public class Movie {
private final String title;
private int availableCopies = 1;
private List<Member> onLoanTo = new ArrayList<>();
public Movie(String title){
this.title = title;
}
public void borrowCopy(Member member){
availableCopies -= 1;
onLoanTo.add(member);
}
public void returnCopy(Member member){
availableCopies++;
onLoanTo.remove(member);
}
public String getTitle() {
return title;
}
public int getAvailableCopies() {
return availableCopies;
}
public Boolean isOnLoanTo(Member member) {
return onLoanTo.contains(member);
}
}
view raw Movie.java hosted with ❤ by GitHub

Then consider a client that only needs a subset of those features.

public class LoansView {
private Member member;
private Movie selectedMovie;
public LoansView(Member member, Movie selectedMovie){
this.member = member;
this.selectedMovie = selectedMovie;
}
public void borrowMovie(){
selectedMovie.borrowCopy(member);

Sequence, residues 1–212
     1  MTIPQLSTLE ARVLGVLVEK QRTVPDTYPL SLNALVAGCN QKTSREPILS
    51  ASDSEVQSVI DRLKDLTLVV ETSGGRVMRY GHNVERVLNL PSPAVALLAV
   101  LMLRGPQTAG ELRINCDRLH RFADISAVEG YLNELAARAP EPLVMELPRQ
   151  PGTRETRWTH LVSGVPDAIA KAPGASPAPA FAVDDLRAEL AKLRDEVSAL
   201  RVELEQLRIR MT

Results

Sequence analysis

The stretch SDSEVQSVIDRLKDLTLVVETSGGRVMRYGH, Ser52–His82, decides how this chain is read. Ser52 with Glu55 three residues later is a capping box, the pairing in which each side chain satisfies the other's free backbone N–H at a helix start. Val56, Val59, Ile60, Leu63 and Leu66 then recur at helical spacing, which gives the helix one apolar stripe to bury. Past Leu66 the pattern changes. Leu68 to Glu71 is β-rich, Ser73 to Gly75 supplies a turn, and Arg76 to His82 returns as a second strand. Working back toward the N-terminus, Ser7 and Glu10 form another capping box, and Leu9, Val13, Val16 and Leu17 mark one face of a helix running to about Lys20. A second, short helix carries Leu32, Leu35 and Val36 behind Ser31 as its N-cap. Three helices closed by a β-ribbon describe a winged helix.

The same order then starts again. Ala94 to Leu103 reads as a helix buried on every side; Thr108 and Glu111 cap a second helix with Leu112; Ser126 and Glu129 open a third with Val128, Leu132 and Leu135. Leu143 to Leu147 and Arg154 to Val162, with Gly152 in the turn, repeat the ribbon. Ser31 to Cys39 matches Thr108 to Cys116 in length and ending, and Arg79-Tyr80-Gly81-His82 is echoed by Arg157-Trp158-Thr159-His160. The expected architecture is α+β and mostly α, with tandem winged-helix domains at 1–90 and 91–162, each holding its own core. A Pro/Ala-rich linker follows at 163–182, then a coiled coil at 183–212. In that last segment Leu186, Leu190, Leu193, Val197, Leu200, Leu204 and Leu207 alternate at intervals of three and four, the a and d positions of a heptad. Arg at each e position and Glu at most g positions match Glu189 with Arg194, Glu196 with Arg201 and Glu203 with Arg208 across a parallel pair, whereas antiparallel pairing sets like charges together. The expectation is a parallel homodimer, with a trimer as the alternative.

}
public void returnMovie(){
selectedMovie.returnCopy(member);
}
}
view raw LoansView.java hosted with ❤ by GitHub

We can use client-specific interfaces to hide features for clients who don’t need to (or shouldn’t) use them, simplifying the interface and protecting clients from changes to features they never use.

public interface Loanable {
void borrowCopy(Member member);
void returnCopy(Member member);
}
public class Movie implements Loanable {
private final String title;
private int availableCopies = 1;
private List<Member> onLoanTo = new ArrayList<>();
public Movie(String title) {
this.title = title;
}
@Override
public void borrowCopy(Member member) {
availableCopies -= 1;
onLoanTo.add(member);
}
@Override
public void returnCopy(Member member) {
availableCopies++;
onLoanTo.remove(member);
}
public String getTitle() {
return title;
}
public int getAvailableCopies() {
return availableCopies;
}
public Boolean isOnLoanTo(Member member) {
return onLoanTo.contains(member);